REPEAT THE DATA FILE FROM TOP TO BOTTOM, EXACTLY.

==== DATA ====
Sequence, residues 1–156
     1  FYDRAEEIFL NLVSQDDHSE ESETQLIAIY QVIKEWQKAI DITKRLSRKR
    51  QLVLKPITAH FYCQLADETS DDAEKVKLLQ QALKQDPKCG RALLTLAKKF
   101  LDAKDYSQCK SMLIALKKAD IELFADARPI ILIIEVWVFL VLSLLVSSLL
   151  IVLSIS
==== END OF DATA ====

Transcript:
Sequence, residues 1–156
     1  FYDRAEEIFL NLVSQDDHSE ESETQLIAIY QVIKEWQKAI DITKRLSRKR
    51  QLVLKPITAH FYCQLADETS DDAEKVKLLQ QALKQDPKCG RALLTLAKKF
   101  LDAKDYSQCK SMLIALKKAD IELFADARPI ILIIEVWVFL VLSLLVSSLL
   151  IVLSIS